8. Without having the gearbox in my possession it's hard to be sure but I think you are right, and @Filthy Fox it makes sense now for 7th (which I think is actually second gear) to be the gear in which it locks up. In (what I assume is) 2nd gear the upper blue 20t gear is engaged with the drive ring. This tries to turn its mated 16t grey gear slightly faster which then sends it's torque through a winding path down through the idler gear arrowed by @Didumos69, which is a gear that is also transmitting torque. In 4th gear (which also follows a similar torque path through that gear) the ratio is slower, requiring less torque to turn, so it doesn't quite lock up. In 1st and 3rd the power is not being transmitted by that gear and in gear 5-8 the torque requirement is less due to the lower ratio of the second 2 speed/4 position gearbox. A good way to check would be to turn the car on it's side and lock the gearbox in the trouble gear by turning the wheels. Then while locked try to fiddle with that one gear side to side and see in it moves a little. Many people might not have this problem, but we are so close to the edge of being barely functional due to these over-complex designs that any barely noticeable manufacturing flaw can cause this to happen. I noticed when a lot of people were having problems with the 42009 outriggers barely moving that some axles straight out of the box were ever so slightly bent. So I built an axle tester by placing a bunch of 1x2 Technic bricks next to each other on a 2x8 brick. Half the axles fell straight through but many of then fell slowly and many didn't fall through at all. After building 42009 using my tester on every axle the outriggers worked as well as I've seen in any video (not great, but they worked). Tiny imperfections like this caused some people to have the issue, and some people not to. @Filthy Fox As for gears only locking up in one direction of rotation, I'm pretty sure it's to do with the way gears react to each other when torque is transmitted through them. Remember every action has an equal and opposite reaction? Well take another look at the example gearbox: On gear 2, which is the problem gear, there are 2 forces that we need to consider (there are other forces n other directions but fully drawing up the vector diagrams is not important to this). The first force is the force that tries to push gears 2 and 3 apart whenever two gears are transmitting power. It's the force that requires us to brace gears to prevent them coming apart under high loads. In this example this force between gear 2 and 3 is always pushing gear 2 to the upper right of the screen, and this never changes. The second force being applied to gear 2 that is relevant to this issue is that which is applied by gear 1. Not only is gear 1 trying to push gear 2 upwards, but it will also be exerting an even greater force left or right (this is what causes gear 2 to turn after all), and the direction in which that happens will depend on which way gear one is turning. So in one direction of rotation the two forces somewhat work against each other, so gear 2 doesn't want to move anywhere. In fact, if you was to remove the axle on which gear 2 is riding on it probably would stay there transmitting power for a second or two. However, if you then turn gear one in the opposite direction the two forces are now acting in the same direction and are therefore added together, in this example trying to push gear 2 to the upper right of the screen. This increases the friction on the axle on which it rotates. This is why lockups are often dependant on direction of rotation, because in one direction the forces kinda cancel out, when in the other direction the forces add together. Without owning the Sian I can't say for sure but I highly suspect the same is happening in there.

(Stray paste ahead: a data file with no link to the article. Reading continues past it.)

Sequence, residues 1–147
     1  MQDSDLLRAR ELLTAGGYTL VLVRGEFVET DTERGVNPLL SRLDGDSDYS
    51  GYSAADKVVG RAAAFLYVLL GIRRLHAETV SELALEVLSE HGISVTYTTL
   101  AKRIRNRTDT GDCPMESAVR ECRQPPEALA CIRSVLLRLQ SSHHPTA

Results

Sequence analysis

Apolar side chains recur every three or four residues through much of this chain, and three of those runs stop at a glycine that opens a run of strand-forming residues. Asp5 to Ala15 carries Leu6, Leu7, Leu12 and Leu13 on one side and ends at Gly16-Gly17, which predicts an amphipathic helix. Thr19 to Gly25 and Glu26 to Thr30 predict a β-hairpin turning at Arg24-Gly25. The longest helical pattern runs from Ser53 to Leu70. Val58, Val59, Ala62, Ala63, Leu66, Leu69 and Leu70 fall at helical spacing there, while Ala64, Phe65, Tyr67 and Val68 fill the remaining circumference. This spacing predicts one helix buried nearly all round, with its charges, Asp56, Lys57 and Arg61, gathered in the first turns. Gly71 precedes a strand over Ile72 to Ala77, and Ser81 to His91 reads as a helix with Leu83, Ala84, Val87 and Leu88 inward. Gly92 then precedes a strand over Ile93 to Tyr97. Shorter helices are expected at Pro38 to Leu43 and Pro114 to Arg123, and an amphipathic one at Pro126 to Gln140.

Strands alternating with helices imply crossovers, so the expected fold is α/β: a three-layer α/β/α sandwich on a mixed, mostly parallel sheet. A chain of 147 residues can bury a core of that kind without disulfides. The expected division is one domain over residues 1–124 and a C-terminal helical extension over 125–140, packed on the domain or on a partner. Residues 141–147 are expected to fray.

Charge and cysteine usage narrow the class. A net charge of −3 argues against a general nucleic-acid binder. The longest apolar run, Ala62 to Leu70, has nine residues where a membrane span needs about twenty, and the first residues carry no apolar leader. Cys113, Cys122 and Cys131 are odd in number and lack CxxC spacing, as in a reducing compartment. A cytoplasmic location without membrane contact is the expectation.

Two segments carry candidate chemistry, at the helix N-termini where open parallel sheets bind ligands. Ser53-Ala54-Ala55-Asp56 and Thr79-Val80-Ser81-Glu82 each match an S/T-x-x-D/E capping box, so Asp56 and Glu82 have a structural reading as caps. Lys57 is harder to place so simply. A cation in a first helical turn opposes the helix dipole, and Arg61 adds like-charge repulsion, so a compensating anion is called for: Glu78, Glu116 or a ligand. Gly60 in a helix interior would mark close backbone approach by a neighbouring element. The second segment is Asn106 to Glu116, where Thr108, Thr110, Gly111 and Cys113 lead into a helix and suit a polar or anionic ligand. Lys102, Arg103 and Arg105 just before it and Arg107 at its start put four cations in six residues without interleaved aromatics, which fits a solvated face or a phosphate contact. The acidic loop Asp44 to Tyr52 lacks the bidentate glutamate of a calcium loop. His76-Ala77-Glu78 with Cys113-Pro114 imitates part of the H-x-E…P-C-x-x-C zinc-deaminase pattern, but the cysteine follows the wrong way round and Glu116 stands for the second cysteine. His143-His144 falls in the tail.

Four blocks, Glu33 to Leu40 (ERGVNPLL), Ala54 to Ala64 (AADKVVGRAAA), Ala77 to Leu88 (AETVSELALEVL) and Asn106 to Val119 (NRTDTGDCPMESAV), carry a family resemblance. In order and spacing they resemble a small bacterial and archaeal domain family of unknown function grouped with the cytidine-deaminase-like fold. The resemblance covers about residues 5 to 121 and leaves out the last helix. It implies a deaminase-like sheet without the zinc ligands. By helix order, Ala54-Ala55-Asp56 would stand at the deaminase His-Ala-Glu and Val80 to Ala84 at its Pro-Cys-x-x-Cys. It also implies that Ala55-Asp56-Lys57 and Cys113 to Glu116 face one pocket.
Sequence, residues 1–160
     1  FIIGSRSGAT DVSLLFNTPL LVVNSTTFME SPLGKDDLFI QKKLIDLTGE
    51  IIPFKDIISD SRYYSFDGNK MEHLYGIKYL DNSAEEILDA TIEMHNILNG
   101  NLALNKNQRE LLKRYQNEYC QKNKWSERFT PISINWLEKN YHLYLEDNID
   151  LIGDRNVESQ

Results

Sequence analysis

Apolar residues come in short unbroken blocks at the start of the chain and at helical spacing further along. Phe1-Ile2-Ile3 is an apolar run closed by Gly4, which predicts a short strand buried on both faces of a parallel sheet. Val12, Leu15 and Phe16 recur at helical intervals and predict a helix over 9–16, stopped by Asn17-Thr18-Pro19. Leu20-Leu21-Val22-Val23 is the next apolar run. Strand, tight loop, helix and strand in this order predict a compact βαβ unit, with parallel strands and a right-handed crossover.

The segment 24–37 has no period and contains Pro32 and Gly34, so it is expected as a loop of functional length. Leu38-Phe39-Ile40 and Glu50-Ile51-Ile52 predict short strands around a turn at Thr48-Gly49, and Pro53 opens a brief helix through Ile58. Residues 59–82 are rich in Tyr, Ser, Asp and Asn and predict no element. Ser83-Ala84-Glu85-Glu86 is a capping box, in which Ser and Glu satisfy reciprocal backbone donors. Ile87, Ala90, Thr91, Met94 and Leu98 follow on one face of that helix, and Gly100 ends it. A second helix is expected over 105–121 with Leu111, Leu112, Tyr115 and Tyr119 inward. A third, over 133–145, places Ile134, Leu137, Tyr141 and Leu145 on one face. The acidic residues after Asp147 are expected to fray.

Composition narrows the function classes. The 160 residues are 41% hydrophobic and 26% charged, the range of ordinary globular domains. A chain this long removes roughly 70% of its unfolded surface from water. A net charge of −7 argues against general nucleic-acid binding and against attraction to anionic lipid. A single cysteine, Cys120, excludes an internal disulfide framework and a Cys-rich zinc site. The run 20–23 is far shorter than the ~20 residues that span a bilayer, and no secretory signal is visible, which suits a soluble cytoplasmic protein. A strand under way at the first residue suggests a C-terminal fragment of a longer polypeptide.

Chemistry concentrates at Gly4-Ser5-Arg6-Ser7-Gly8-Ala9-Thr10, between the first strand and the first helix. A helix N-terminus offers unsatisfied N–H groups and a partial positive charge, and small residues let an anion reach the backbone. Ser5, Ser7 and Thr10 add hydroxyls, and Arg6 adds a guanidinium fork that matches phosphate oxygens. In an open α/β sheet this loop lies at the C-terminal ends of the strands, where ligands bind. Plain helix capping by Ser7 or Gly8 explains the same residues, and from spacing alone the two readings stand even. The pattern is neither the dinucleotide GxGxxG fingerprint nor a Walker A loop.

9. This is a tricky issue that I have come across in many gearbox designs. I too couldn't find any literature on it and it took a while to figure out. The problem really is too many idler gears transmitting torque on too many axles, which is a problem that is inherent to the appalling design of Lego gearboxes. I understand the problem but it's kinda hard to fully explain. Lets say we are using the gearbox in the above image in a manual model. When in 1st gear the torque generated by the wheels when you push the model forwards comes in to gear 1, is transferred up to gear 2 and so on till we get to gear 7 which drives the engine. Because Technic has no proper bearings friction can be a real issue in their inefficiently designed gearboxes. Even though this is a fairly simple example of a 6 speed gearbox by Technic standards, the path of torque still has to pass through 6 gears rotating on 4 axles, where as a real life gearbox would only have 2 gears on 2 axles. This is the main issue however, in many cases the gearbox doesn't lock up completely and can still be forced to rotate and most people won't notice how hideously inefficient TLGs gearboxes are, until the Sian breaks an 8t gear of course! However, in many cases where people want to design their own gearboxes they run into the problem of the gearbox locking up completely. In the case of this gearbox example it locks up in first because of gear 2 (that's the gear with the number 2 on it, not second gear), which is transmitting torque to gear 3, and is also spinning on an axle that is geared to spin faster, and it is also not meshed with a gear to it's right side when looking up at it from this angle. This is significant because when gear one rotates in a direction that pushes gear 2 towards gear 3, the equal and opposite reaction generated from gear 2 trying to drive gear 3 pushes them back apart, so those two forces somewhat cancel out and gear 2 will rotate on it's axle (though with a lot of friction). However if you rotate gear 1 in the other direction, such that gear 2 is being forced away from gear 3, now the two forces add up and create even more friction between gear 2 and it's axle. Now you have multiple points of friction adding up and in this case this gearbox will lock up. The friction has become so great that it is enough to stop it turning, and the more torque you apply to try to force the gears to turn, the more the friction increases, like a Chinese finger trap I suppose, or more accurately like trying to reverse drive a Technic worm gear. In real life you can indeed back drive worm gears, but with Lego you cannot simply because the slope angle of the worm is too shallow to overcome the friction of the sliding plastic. So this is why Technic gearboxes lock up. Too many shafts, too many gears and too much needless complication when they could just do it like a real car gearbox. These gearboxes ALL have way too much friction to the point where small oversights as described above cause it to lock up entirely. There are work arounds, like redesigning your gearbox to re-route the torque paths so that they avoid these problem areas in all gears in both directions, but this usually leads to even larger and even more convoluted gearboxes, and how a child is supposed to problem solve all that and then redesign it to come up with a solution I don't really know.
  10. Yeah, especially some of the old 5x4 9v ungeared motors as it's fun to build and watch all the gearing down needed for them.
  11. This really deserves to be on the EB front page
  12. The look and performance of this thing is incredible. Very well done
  13. allanp

    42107 - Ducati Panigale V4R

    As the back part is the part that eventually limits the travel then yes, in theory if you banged it hard enough the back could pop out. The way it's built into this model the top is enclosed by more Technic pieces so it can't pop out, but I might update my original comment to mention this.